ODB to those that know me
 
outdoorboy's Avatar
 
Join Date: May 2004
Location: Little Rock, AR
Posts: 366

Bikes: Gary Fisher Tasajara (undergoing a total rebuild), Giant NRS, Giant OCR C3

Mentioned: 0 Post(s)
Tagged: 0 Thread(s)
Quoted: 0 Post(s)
Likes: 0
Liked 2 Times in 2 Posts
We have some nice Urban MUT's in Little Rock. Some with a lot of dog walking (on and off leash) activities. Mountian bikers have trained here for quite a while and I have never had a problem on the trails with dogs. I think a lot of it has to do with everyone who uses them just being used to it. I actually have more porblems on my road bike when I get off on paved walking trails.
outdoorboy is offline  
Old 05-23-05, 07:46 AM
  #24  
hubs
@#$% cars
 
Join Date: Jun 2004
Location: Chicago
Posts: 405

Bikes: '02 Schwinn Frontier;'03 Fisher Tiburon; '04 Raleigh Companion; 04 Dahon SpeedPro; 69 Raleigh Sport fixed

Mentioned: 0 Post(s)
Tagged: 0 Thread(s)
Quoted: 0 Post(s)
Likes: 0
Liked 0 Times in 0 Posts
Around here there is no predictable and no norm ... like DonCooper's experience. No matter what you do, you will get a mixed bag response. Even trails with clear rules (walk to the right, for instance) many people will do something else (walk toward oncoming traffic). It's hard to figure out. I generally slow to pass pedestrians. I don't say "on your left" because so many people have moved to their left, straight into my path, when I've done it. I sometimes ring my bell (if that's the bike I'm riding) or try to make some noise. I like to have brakes that squeal for this purpose. That sends just about the right message ... and then I can still look gracious, smiling and slow as I go around and say "good morning". I give dogs a wide berth. For horses I will stop or whatever it takes to make visual contact with the rider. I don't want any of us getting hurt.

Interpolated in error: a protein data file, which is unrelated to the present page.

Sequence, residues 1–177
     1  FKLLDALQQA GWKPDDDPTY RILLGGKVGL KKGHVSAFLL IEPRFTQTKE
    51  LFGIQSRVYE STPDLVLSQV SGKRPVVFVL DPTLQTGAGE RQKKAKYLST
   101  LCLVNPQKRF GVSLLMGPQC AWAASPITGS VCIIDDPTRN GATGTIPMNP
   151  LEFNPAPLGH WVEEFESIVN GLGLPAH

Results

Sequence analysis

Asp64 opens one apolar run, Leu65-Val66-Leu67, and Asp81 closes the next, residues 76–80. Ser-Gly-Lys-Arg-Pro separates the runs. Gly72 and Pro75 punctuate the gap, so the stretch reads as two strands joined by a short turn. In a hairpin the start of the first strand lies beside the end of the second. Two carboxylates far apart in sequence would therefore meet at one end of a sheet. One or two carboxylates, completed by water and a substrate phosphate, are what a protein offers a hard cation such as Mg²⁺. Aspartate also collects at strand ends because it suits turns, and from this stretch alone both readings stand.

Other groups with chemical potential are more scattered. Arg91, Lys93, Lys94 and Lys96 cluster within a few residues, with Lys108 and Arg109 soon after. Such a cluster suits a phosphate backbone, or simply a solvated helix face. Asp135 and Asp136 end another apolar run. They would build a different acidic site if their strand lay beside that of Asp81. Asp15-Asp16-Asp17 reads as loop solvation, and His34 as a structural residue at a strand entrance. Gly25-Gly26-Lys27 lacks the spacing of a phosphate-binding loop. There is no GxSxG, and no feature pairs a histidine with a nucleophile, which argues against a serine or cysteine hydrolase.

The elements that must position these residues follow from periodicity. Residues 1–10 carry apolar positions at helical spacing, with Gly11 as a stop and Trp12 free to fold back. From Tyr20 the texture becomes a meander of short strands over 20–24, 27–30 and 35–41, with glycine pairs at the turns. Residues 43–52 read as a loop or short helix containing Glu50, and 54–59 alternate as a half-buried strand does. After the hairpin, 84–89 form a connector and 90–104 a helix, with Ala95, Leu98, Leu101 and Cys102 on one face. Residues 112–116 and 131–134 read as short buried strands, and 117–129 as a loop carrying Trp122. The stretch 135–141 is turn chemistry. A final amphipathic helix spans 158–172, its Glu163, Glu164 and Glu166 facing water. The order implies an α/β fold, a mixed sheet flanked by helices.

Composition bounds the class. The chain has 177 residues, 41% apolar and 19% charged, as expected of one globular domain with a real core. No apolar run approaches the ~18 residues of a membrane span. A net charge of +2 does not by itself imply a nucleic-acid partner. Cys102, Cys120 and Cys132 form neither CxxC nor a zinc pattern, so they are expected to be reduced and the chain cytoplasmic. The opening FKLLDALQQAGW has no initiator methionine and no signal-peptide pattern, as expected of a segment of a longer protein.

If you hadn't had the slower kids with you ... this dog-guy never would have had a chance to say anything. You'd have been gone. As I suppose most of us are, when the slower traffic has a complaint.
hubs is offline  
Old 05-23-05, 07:52 AM
  #25  
GV27
Light Makes Right
 
GV27's Avatar
 
Join Date: Apr 2005
Location: Green Mountain, Colorado
Posts: 1,520

Bikes: Gianni Motta Criterium, Dean Hardtail

Mentioned: 0 Post(s)
Tagged: 0 Thread(s)
Quoted: 0 Post(s)
Likes: 0
Liked 0 Times in 0 Posts
Originally Posted by jc1
I did not really take this seriously.

I don't know of any right to carry a sidearm, what makes you think you have the right to carry a firearm on a public trail?

You must have been kidding, right?
He must live in "The West" Which does not include California, Oregon and Washington but rather Nevada, Wyoming, Utah, Colorado, etc. People in a lot of these places are allowed to carry a sidearm as long as they either display them in plain site or hold an easy-to-get concealed weapon permit. I guess his tone wasn't that soft, but I don't think he was talking about waving it around. You do get respect with a piece strapped to your hip. Don't have to pull it out, gesture to it or anything else - people notice. Of course, this isn't an option for most Americans.

Personally, I'm way too much of a weight weenie to carry my piece on a ride!

C
GV27 is offline  

Thread Tools
Search this Thread

Contact Us - Archive - Advertising - Cookie Policy - Privacy Statement - Terms of Service - Do Not Sell My Personal Information -

Copyright 2021 MH Sub I, LLC dba Internet Brands. All rights reserved. Use of this site indicates your consent to the Terms of Use.